Engineers should be taking advantage of at least five trends forming in the control industry, says S. Arves Stolpe, a product manager with National Instruments, Austin, Texas (ni.com). Stolpe says that drivers for the trends come from ideas such as the notion that complexity translates to value. “The easy control problems have been solved, hence the tougher ones remain, so complexity will add value to a product,” says Stolpe. What’s more, technology advances in about nine month steps, he adds, so that if a product does not get to market in that period after the project start, it suffers the possibility of being second, and being first, says Stolpe, is better than being better. “In addition we see that most successful companies are not doing all development by themselves. Clients are working with us just as they are working with Intel and other large companies. Hence, their effective R&D budget is in the billions.”
The key trend that allows the rest to unfold is software abstraction – using simple software to generate more complex control code. Abstraction is separating the important details from the unimportant. “The simpler code generating software lets design engineers get right to work.” Software abstraction also allows speeding up development, reusing code, making it easier to maintain, simulating its performance, and porting to different platforms.
The second trend is an increasing number of embedded processes. Look at Intel and the PC market, suggests Stolpe, and you see they have a single-digit market share when you consider all microprocessors. “It has taken 30 years to get to 1 billion connections , but only five years more to get to 15 billion. Embedded connected devices are a part of large network of machines. These will allow remote monitoring of more equipment, such as that in a nacelle.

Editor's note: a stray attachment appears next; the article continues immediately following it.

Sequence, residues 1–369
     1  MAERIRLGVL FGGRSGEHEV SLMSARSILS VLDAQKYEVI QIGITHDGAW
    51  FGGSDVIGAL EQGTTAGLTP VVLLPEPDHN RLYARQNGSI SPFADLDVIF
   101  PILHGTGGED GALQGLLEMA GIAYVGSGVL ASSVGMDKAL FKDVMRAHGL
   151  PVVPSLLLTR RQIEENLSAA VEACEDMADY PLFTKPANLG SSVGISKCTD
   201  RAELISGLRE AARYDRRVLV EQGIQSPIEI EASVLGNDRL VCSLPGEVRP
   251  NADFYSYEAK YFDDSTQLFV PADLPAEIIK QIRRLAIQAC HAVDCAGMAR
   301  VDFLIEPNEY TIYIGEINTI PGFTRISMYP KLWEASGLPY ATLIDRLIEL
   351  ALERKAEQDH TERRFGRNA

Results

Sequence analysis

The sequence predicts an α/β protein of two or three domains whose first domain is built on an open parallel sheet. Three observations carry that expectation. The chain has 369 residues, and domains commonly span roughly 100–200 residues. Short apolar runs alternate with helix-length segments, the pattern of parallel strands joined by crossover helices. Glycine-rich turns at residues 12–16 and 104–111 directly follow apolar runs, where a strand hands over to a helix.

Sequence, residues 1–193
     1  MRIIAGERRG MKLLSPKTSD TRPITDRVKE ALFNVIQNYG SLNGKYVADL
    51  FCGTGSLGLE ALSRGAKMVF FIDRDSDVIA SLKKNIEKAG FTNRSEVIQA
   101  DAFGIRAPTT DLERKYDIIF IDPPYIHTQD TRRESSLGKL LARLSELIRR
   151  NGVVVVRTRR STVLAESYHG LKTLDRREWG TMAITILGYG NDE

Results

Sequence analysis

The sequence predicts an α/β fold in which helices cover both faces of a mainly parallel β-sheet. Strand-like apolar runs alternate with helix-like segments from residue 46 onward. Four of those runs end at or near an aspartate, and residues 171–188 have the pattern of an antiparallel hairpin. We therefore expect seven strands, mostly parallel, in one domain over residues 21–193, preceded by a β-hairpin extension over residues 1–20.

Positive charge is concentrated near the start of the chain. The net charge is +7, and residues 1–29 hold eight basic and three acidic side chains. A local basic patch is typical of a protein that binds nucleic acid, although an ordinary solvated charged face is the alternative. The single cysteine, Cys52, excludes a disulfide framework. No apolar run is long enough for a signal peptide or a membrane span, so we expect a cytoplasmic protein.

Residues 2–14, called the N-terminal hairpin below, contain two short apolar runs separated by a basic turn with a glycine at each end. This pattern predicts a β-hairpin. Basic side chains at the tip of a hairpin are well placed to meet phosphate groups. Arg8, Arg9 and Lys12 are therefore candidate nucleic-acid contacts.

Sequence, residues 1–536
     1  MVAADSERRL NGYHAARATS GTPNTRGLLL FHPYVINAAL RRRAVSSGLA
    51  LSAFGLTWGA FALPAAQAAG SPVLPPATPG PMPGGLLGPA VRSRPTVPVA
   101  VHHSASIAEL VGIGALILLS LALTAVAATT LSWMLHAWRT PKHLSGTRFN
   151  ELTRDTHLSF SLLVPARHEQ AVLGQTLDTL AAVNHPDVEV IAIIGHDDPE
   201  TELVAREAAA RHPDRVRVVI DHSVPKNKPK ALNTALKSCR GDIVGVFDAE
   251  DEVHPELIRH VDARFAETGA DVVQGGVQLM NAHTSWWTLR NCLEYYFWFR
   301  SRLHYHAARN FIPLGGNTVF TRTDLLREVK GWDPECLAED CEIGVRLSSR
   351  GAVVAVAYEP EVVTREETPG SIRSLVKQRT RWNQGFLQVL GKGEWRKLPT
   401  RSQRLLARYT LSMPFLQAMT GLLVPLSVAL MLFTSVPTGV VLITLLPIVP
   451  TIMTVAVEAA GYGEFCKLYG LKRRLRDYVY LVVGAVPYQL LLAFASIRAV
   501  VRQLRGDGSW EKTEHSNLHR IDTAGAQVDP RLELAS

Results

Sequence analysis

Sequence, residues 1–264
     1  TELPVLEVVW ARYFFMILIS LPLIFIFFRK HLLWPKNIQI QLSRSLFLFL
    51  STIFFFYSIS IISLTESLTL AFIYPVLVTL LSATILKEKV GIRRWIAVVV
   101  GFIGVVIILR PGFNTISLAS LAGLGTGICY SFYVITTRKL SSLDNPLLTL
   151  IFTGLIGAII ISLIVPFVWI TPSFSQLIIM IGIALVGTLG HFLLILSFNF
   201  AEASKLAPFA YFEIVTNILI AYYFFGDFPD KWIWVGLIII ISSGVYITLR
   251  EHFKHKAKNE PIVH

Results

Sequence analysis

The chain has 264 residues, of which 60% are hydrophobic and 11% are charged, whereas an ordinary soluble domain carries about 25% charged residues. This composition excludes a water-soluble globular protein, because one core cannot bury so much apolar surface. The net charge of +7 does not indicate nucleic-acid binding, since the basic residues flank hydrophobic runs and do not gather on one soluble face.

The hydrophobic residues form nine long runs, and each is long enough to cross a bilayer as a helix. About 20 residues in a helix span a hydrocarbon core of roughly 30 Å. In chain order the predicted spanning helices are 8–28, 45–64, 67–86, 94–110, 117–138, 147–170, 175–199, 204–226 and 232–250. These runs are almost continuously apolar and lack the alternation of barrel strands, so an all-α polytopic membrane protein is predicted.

The third trend, reconfigurable hardware, refers in particular to FPGAs, field programmable gate arrays. These processor-like silicon chips work in many devices, such as cell phone and TVs. CPUs are less useful in many electronic gadgets because they need an operating system. ACISs, another processor possibility, are built for specific functions and could cost hundreds of thousands. FPGAs on the other hand, cost tens of dollars and are reprogrammable. So controllers in a nacelle can be reprogrammed for new functions from afar. In addition, FPGA performance far outpaces that of CPUs by a factor of 10. “LabView makes it easier than ever to program FPGAs,” he says, and their capability has been keeping pace with Moore’s law.
Trend four: Proliferation of sensors. Stolpe says expect to find sensors everywhere in part because they are getting cheaper and MEMS manufacturing techniques are making them smaller. “The old saying states a control application is only as good as what it measures; an event cannot be controlled if it cannot be measured. More powerful, less expensive sensors will allow using them in more places than previously possible.”
In addition, smart sensors can make control based decisions at the node, such as turn on devices or flip circuit breakers, or send back trend data. Expect to see more intelligence at the node. The spread of wireless technology is an accompanying trend that will let other controls staying in touch with the sensors.
The last trend to note is that of networking and synchronization, and connected devices. No machine will be an island. Expect to see more connected devices that synchronize their functions. Cars and their onboard computers are examples. These will lead to industrial protocols, more wireless connections, and timing and synchronization possibilities. Only the adoption rate is debatable says, Stolpe, WPE
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